We have bad news and good news about patent expirations next year. The bad? When you tot up the billions of sales at risk of patent expiration in 2015, the result is $44 billion, the biggest number since the debacle of 2012. That year, $53 billion worth of drugs fell off patent--and many drugmakers are still reeling.
But in 2015, generics are expected to take a much smaller bite from the drugs losing exclusive access to their respective markets. That's because several of the big expiries involve biotech drugs. Even if biosimilar versions of these meds--Amgen's ($AMGN) Neulasta, for instance--do make it to market in the U.S. next year, their impact on sales is likely to be limited. According to EvaluatePharma, only $16 billion in sales will actually be lost to patent expiration next year. That's way less than half.
That's because biosimilar drugs may not be automatically substitutable for the brands they're seeking to replace. There's a battle going on over this exact issue: Biosimilar makers want their drugs to be labeled with the same generic names as the brands; branded drugmakers say biosims should carry their own unique names.
If the biosim makers win, their drugs will more easily substitute for brands, digging deeper into brand sales when patents expire. If the unique-name advocates prevail, doctors will have to prescribe biosimilars specifically, and brands will be better insulated.
"With forecasts now to 2020, we have an extended view of how equity analysts are modeling the impact of biological patent expiries and the subsequent entry of biosimilar products," Evaluate Pharma said in a recent report. "[T]hey continue to expect a softer landing, post-patent expiry, and limited biosimilar substitution.
"It seems future metaphorical patent cliffs are being transformed into much more manageable rolling hills."
And for some of these first few biologics going off patent, the substitution issue won't apply--because biosimilar meds aren't even waiting in the wings. AstraZeneca's ($AZN) Synagis, for instance, may lose patent protection next year, but a biosimilar from iBio is still in preclinical testing.
While next year's sales-at-risk number may be good news for biologics makers--and the pharma industry in general--it doesn't soften the blow for several companies in particular. Some of the blockbusters set for generic competition in 2015 are regular old small-molecule meds. Take Bristol-Myers Squibb ($BMY) and Otsuka's antipsychotic drug Abilify. It accounted for $2.3 billion of Bristol-Myers' sales in 2013, about 14% of its total for the year. For Otsuka, the impact is even larger, with Abilify making up a full quarter of its sales.
And then there's Lantus, the basal insulin treatment from Sanofi. It could be headed for a quick slide--just not immediately. It's not an easy-to-copy product, but Boehringer Ingelheim and Eli Lilly ($LLY) have already won approval for their biosimilar version in Europe, and the two companies are raring to go in the U.S.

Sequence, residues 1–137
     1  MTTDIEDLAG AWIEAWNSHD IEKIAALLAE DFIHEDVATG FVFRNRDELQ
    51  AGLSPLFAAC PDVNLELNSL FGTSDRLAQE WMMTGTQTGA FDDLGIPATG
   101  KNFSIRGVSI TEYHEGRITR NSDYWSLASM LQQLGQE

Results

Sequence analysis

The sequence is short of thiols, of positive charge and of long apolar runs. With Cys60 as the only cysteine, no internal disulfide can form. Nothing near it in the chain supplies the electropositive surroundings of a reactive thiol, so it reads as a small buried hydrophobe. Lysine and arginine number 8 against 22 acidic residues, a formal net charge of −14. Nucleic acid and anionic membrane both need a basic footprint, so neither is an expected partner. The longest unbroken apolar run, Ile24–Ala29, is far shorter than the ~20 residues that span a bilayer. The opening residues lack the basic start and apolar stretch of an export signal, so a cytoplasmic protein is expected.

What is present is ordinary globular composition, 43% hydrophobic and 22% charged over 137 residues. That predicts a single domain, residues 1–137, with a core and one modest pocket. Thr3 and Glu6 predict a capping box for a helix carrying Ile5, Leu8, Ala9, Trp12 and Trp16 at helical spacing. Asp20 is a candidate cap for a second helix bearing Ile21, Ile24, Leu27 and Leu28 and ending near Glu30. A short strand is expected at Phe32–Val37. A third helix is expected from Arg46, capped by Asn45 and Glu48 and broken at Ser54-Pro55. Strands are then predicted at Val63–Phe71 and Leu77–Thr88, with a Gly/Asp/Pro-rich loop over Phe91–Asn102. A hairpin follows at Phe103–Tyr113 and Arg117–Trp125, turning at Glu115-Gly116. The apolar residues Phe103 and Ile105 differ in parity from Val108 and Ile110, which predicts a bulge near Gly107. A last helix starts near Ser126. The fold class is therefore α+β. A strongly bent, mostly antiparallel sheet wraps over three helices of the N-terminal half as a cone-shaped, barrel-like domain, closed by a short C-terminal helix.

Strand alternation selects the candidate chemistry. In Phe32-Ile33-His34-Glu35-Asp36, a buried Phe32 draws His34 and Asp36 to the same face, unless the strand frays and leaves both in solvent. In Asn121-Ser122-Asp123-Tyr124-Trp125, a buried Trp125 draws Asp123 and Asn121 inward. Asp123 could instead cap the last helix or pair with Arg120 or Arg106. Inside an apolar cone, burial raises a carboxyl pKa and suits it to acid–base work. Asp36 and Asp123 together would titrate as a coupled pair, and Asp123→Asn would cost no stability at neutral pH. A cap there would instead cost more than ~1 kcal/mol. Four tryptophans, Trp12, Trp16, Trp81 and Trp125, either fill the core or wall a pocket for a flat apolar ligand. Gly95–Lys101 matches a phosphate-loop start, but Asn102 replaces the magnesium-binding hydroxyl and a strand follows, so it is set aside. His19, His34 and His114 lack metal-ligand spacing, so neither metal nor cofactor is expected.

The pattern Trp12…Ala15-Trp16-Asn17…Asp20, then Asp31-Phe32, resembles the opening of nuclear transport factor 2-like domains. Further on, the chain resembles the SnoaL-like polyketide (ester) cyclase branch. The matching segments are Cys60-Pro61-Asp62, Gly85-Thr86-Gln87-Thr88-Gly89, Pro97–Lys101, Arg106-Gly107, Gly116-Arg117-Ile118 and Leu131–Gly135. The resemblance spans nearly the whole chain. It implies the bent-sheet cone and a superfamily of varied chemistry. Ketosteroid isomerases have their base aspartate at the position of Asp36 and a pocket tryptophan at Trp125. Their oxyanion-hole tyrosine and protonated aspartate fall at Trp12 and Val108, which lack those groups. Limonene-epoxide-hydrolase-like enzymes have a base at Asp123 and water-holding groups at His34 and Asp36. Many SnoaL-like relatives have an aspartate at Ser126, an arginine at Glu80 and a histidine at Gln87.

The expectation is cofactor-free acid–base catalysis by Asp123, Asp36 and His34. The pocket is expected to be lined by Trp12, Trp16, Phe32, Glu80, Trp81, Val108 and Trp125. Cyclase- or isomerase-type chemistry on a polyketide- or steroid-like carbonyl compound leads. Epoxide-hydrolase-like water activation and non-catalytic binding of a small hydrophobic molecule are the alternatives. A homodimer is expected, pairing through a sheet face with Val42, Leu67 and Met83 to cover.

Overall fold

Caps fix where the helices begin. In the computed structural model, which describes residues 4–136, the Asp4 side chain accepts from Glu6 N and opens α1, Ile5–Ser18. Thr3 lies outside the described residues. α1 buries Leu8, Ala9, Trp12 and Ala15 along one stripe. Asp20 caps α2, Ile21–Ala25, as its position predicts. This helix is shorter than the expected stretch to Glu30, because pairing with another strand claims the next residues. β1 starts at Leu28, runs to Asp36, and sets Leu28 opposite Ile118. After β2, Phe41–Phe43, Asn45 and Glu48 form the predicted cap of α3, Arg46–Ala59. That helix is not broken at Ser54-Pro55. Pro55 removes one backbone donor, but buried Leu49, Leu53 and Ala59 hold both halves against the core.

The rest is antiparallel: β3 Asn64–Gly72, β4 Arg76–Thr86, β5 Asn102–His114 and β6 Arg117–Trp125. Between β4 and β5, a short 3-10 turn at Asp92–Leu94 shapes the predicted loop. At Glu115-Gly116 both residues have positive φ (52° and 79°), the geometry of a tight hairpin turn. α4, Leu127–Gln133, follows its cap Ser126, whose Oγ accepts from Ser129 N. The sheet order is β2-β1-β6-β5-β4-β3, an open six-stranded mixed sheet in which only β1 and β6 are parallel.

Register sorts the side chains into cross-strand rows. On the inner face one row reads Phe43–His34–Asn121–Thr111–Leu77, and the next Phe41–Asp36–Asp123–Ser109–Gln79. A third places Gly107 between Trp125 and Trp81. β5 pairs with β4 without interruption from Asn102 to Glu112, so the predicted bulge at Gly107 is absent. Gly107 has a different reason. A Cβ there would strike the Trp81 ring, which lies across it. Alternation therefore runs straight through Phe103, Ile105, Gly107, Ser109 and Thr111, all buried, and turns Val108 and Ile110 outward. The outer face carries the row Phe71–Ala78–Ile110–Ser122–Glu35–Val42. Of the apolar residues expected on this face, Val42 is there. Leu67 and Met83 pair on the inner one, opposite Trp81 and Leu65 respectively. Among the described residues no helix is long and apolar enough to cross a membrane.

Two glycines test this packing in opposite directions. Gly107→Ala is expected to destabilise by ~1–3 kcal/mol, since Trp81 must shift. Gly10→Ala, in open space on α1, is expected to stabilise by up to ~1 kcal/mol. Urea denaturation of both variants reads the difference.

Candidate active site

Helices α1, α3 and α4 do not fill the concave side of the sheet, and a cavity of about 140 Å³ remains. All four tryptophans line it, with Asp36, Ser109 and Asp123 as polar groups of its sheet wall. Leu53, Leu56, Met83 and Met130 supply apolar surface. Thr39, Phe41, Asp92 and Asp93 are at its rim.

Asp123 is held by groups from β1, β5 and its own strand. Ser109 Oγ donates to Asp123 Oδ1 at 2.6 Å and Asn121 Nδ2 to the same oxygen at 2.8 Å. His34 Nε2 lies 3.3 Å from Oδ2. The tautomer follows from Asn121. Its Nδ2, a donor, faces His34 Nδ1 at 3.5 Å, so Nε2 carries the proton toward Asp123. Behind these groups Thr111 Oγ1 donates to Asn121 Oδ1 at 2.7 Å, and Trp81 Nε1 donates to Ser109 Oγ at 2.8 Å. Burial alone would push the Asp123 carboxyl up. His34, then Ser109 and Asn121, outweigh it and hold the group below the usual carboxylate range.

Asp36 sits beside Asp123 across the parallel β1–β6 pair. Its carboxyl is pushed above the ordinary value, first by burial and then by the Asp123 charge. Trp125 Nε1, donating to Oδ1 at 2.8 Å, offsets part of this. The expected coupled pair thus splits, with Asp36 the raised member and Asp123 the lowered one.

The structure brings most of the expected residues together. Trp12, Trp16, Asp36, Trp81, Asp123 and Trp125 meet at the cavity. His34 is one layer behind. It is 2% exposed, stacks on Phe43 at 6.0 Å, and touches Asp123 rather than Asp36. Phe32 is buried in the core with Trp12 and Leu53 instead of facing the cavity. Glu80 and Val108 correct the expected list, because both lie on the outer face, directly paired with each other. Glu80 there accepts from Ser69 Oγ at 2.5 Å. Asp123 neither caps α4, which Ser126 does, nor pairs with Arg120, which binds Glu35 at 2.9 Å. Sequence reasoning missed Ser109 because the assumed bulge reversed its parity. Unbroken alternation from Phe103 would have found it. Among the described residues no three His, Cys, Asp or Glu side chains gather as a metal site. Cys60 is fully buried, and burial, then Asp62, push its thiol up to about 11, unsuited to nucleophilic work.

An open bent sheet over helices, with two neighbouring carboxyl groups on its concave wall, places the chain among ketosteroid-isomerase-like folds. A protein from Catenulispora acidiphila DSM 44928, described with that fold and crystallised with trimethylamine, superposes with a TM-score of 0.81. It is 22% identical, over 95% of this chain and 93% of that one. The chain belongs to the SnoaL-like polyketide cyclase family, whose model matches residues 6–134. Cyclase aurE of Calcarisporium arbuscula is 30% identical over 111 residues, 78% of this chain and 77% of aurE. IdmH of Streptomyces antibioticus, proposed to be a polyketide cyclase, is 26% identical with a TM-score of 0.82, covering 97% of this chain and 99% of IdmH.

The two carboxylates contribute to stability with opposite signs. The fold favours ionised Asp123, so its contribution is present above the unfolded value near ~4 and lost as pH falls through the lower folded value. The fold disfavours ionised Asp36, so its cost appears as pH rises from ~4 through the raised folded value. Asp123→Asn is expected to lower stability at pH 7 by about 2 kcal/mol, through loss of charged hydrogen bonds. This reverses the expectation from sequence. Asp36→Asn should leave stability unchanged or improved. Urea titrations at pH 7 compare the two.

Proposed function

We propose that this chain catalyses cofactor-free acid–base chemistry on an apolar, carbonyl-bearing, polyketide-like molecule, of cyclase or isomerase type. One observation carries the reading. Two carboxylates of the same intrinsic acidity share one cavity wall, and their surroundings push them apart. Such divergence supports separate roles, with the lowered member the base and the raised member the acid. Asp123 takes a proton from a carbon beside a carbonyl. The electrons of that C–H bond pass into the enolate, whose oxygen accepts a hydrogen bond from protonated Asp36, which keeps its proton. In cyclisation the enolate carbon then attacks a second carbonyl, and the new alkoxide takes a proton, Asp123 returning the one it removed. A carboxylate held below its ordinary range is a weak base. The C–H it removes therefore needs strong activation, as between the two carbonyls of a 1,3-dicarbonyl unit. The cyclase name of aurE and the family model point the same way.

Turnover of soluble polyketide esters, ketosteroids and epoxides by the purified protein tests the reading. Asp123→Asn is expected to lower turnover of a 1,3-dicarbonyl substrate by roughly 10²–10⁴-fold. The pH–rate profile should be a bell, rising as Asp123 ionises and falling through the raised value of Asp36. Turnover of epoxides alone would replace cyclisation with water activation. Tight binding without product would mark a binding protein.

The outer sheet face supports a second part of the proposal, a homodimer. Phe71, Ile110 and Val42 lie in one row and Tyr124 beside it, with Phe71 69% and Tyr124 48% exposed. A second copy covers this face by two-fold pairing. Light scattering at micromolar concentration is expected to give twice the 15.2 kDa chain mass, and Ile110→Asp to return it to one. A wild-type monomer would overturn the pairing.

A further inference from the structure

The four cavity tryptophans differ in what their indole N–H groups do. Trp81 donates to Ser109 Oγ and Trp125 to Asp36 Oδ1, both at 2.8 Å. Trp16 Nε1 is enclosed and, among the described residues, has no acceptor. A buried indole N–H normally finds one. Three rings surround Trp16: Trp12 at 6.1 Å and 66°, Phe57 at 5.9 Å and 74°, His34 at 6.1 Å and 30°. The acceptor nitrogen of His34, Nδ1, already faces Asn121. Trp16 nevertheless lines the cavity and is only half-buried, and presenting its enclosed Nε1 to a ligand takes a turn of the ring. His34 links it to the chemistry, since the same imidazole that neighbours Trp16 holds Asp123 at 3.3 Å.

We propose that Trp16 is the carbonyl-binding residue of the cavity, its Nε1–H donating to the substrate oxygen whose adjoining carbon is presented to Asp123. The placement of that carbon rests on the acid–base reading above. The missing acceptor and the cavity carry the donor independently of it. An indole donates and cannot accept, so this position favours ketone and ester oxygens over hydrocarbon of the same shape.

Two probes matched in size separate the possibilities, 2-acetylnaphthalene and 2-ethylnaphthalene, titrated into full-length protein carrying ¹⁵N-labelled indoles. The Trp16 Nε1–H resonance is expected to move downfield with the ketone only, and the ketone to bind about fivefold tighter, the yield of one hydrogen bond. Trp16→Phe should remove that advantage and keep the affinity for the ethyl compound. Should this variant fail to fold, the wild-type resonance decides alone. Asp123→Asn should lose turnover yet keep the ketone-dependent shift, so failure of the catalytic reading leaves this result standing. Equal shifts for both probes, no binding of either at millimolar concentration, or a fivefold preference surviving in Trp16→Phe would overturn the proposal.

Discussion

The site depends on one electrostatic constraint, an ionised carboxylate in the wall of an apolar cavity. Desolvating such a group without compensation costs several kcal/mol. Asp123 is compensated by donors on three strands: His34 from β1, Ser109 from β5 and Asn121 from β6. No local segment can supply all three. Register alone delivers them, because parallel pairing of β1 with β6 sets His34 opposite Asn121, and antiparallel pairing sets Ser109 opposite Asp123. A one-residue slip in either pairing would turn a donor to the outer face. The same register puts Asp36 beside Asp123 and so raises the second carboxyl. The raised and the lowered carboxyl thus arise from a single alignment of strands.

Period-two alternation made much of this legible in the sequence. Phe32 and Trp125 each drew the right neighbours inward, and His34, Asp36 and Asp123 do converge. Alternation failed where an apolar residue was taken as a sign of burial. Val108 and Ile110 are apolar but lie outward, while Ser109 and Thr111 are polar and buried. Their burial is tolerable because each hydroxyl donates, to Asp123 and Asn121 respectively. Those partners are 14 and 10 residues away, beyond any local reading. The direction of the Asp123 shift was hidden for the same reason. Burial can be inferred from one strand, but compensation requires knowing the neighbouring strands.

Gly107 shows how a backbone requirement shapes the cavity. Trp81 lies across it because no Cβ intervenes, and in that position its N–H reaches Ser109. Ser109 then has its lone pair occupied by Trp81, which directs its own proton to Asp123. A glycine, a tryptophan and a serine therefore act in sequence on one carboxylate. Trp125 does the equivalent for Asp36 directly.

But though Sanofi's U.S. patent on Lantus expires in February, the French drugmaker sued Lilly and Boehringer for patent infringement under the Hatch-Waxman Act. That lawsuit triggered an automatic 30-month stay on copycat launches, which stands to keep Lantus copies off the market till June 2016. Sanofi will be scrambling next year to build sales for some follow-up diabetes products, hoping to soften the blow when the lawsuit is resolved.
Meanwhile, there's Teva Pharmaceutical Industries ($TEVA) and its top-selling drug Copaxone. The multiple sclerosis treatment's exclusivity actually expired earlier this year, thanks to a court decision invalidating Teva's September 2015 patent. Would-be copycats like Mylan ($MYL) said they were poised to launch their versions. But Teva appealed to the Supreme Court, which agreed to hear its case. Teva also reminded the generics makers that if they launched and the high court ruled against them, Teva could collect two times their sales in damages. So far, no generic has yet launched. The reprieve will definitely end when the patent expires in September, however--if not sooner.
We should mention a couple of drugs that would have appeared on this list, had courts not intervened. Novartis ($NVS) won a patent fight over Gleevec, its blockbuster blood-cancer treatment, putting off potential biosimilars till 2016. On the other hand, GlaxoSmithKline ($GSK) lost a patent dispute involving its cardiovascular pill Lovaza, derived from fish oil; generics hit the market earlier in 2014.
In all, the 10 drugs on this list represent more than $32 billion in global sales. The patent expirations we cite affect only U.S. sales directly, however. Some of the drugs have already lost patent protection in Europe; others have more exclusivity to come. We gathered information on sales and patents from the companies' securities filings and annual reports; the FDA's Orange Book; patent expiration listings from pharmacy benefits managers Catamaran, Express Scripts and Community Catalyst; and EvaluatePharma. Fierce editors Stacy Lawrence, Carly Helfand and Emily Wasserman all contributed. Questions or comments? Let any of us know via email or Twitter. And if you're interested in previous versions of this list, check out the top 10 drug patent losses of 2014 and the top 15 of 2013. -- Tracy Staton (email | Twitter)